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John Duggan: The stakes are hi...
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John Duggan: The stakes are high for Stephen Kenny, and not everyone is a friend

John Duggan writes that Republic of Ireland manager Stephen Kenny holds the biggest job in Irish sport, and he deserves the chance to be successful at it...

It's not good when you pick up the English Times, a distinguished newspaper, and read that Stephen Kenny's position as Republic of Ireland manager is under 'serious threat'. 

That's how potentially harmful the leak was about the motivational video and speech Kenny presented to the squad and backroom staff before the friendly match against England at Wembley last week.

If there was disquiet, and if anyone was upset by the connotations in the montage, then surely that could have been handled internally. What goes on behind the scenes should be sacrosanct. What happens in Vegas, stays in Vegas. Sports teams rely on motivation, and sometimes this is expressed via being part of a tribe. It's not always literal. An appeal to patriotism doesn't sound like a new concept; 'Sean South from Garryowen' was played on the Irish team bus in the past. If we had beaten Slovakia and Northern Ireland, or if we had made pot two for the World Cup draw, this would not be a story for the front and back pages.

I haven't seen the video, but I find it somewhat bemusing that it offended someone to the extent that they raised it with FAI administrators. Nor should it, or will it - I expect, place Kenny's job in jeopardy. There is a touch of embarrassment now following the leak to the Daily Mail; the new FAI CEO, Jonathan Hill, is English, and the English FA looked after the Republic of Ireland's accommodation and training arrangements last week.

This is not about the video though. There is a bigger issue at play, and to me, that seems to be politics around the manager himself.

The success of Jack Charlton's Republic of Ireland team and how it placed our small country on the global stage, arguably for the first-ever time since independence, has a deep-seated legacy. It's the legacy of Robbie Keane and Damien Duff taking up the game and making it across the water. It's the legacy of soccer being the leading team participation sport in Ireland. It's the legacy of our knowledge that doing well in international football captures the nation's attention. In the last decade or so, the Thierry Henry handball incident, Shane Long's winner against world champions Germany and Robbie Brady's goal in Lille at Euro 2016 have been significant moments in Irish sport. One only has to look at the television ratings when the Boys in Green are playing and there is something on the line. They are astronomical.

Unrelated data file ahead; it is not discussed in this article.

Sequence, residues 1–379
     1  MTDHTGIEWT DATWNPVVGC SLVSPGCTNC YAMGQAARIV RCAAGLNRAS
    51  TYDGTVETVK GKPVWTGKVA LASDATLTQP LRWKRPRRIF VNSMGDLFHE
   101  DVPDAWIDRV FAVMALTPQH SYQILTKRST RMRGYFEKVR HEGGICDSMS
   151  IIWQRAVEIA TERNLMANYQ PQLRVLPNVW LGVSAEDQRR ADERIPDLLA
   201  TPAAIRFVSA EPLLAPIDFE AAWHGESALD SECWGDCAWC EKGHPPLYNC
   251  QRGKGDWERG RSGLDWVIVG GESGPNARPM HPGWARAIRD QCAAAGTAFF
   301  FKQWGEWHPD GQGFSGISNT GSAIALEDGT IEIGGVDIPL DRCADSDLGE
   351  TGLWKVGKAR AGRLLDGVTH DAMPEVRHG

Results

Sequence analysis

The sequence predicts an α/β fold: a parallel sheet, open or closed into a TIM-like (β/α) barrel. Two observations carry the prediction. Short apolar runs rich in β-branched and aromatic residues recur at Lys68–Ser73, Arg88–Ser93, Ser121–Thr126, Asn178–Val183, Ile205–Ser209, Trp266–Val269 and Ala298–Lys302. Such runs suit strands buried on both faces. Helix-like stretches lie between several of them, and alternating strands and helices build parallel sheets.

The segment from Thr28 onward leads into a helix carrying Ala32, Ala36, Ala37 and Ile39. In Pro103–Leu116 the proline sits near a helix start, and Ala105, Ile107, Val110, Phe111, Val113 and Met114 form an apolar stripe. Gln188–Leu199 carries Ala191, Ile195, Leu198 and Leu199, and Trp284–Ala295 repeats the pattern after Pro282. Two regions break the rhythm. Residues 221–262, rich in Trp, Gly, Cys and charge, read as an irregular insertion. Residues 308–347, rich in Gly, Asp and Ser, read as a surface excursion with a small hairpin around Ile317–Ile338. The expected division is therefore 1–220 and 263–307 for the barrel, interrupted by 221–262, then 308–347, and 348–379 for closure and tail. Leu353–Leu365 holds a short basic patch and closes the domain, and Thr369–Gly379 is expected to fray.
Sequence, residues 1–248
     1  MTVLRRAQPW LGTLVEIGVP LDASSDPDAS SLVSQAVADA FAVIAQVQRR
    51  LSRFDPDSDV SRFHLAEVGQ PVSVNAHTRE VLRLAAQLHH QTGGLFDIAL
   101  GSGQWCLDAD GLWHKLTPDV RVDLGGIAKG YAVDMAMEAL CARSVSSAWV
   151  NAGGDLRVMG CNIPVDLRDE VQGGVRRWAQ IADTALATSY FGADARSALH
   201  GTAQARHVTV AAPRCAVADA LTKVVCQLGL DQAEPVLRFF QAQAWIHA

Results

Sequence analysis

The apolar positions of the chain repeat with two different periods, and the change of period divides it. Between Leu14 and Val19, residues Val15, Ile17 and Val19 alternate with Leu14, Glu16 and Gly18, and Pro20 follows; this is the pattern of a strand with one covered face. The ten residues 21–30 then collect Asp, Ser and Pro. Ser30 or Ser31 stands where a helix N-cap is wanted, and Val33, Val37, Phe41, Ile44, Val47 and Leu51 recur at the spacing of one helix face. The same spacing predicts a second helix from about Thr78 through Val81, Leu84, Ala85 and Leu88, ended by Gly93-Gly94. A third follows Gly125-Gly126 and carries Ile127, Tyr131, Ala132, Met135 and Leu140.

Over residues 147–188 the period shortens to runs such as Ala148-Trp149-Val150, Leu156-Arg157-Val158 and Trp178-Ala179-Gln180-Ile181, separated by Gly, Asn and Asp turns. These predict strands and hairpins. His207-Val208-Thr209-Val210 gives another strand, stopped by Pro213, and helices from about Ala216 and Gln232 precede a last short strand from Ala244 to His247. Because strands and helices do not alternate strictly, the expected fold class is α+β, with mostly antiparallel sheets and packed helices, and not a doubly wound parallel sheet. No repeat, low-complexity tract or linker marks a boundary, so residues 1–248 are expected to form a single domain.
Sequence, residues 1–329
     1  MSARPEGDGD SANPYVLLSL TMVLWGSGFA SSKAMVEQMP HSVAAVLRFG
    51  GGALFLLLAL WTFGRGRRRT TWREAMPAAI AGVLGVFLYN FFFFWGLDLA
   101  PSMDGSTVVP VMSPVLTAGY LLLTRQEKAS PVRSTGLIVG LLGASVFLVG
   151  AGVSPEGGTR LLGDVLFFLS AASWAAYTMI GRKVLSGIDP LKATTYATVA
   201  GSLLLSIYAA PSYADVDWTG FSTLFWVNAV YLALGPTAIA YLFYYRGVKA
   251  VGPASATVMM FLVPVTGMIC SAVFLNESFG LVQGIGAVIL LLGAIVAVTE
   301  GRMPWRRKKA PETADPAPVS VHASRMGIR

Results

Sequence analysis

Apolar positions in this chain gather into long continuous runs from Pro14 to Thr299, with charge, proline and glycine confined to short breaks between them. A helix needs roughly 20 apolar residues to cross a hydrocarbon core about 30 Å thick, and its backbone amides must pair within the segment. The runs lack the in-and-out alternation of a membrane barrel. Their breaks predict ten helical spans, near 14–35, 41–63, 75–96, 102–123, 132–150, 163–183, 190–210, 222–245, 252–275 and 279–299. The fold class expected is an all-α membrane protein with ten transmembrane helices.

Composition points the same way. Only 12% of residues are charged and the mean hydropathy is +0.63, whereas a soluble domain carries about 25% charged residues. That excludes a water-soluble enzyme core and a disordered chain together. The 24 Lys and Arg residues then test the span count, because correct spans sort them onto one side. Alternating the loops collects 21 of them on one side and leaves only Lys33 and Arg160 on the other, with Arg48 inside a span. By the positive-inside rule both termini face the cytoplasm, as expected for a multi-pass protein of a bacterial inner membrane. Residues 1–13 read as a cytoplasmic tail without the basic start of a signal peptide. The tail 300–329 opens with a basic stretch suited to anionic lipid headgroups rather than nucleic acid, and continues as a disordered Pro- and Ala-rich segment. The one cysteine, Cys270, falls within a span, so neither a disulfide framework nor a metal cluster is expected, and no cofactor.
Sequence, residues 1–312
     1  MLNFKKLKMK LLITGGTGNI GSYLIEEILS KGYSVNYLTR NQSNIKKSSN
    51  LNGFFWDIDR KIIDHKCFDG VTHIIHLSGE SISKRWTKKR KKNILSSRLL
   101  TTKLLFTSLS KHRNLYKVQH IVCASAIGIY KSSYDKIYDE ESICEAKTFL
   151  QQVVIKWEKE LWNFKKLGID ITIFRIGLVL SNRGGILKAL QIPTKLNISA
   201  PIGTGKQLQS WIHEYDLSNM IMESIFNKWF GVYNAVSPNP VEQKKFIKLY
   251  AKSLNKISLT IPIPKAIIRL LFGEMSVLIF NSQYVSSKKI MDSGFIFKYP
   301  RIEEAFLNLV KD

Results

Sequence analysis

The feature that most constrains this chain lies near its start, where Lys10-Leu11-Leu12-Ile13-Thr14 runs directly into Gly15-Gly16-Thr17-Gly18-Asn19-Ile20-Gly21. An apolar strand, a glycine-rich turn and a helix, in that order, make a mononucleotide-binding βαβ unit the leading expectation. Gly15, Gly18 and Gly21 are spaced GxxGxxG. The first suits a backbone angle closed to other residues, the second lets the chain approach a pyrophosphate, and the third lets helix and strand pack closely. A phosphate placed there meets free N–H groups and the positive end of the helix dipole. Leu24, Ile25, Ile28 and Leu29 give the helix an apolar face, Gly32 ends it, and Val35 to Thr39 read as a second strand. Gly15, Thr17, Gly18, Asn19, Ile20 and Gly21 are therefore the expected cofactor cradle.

So Stephen Kenny has the biggest job in Irish sport. And so far, he's been dealt an awful hand. Eight matches, no wins, no goals in seven. One can legitimately point to the plethora of injuries and COVID-related mishaps that Kenny has had to deal with. Also, he hasn't been able to put in the groundwork in the UK, nor have there been crowds at Lansdowne Road to lift our spirits. Because it's not like our spirits are high as a kite during a pandemic.

Instead, it's the cold reality of results that may make Kenny's Christmas dinner taste a little less satisfying than it should. The Dublin native inherited a squad that is technically inferior to many European sides. His football philosophy is a breath of fresh air and he needs the time to carve out a Republic of Ireland team in his own vision. The performance in Slovakia was the best example of how that could unfold.

However, disappointing results get people talking, because it's the top gig. The FAI is not exactly flush and it needs sponsors back. It needs good times to roll again. Not everyone in football is a fan of Stephen Kenny. Some former players and fans may want someone else. Mick McCarthy wasn't universally popular, nor was Martin O'Neill. It's always the way. That's natural. What takes care of chatter is winning matches.

What Kenny could do with now though, more than results, is a united front. People on his side, publicly. He needs the likes of captain Seamus Coleman, James McClean, Shane Duffy, and Damien Duff fighting his corner.

That's required, because if there are people out there unhappy Kenny has the biggest job in Irish sport, they should be reminded that he deserves a full campaign. Mick McCarthy got three, first time around. Brian Kerr received a full crack at World Cup qualification. Even Steve Staunton was afforded a proper European Championship campaign.

We all need a reset in society and Stephen Kenny deserves a reset next March. Only at the end of the World Cup qualifying campaign can the FAI reasonably judge if he's the man beyond that. Let's all have some common sense and give him our backing.

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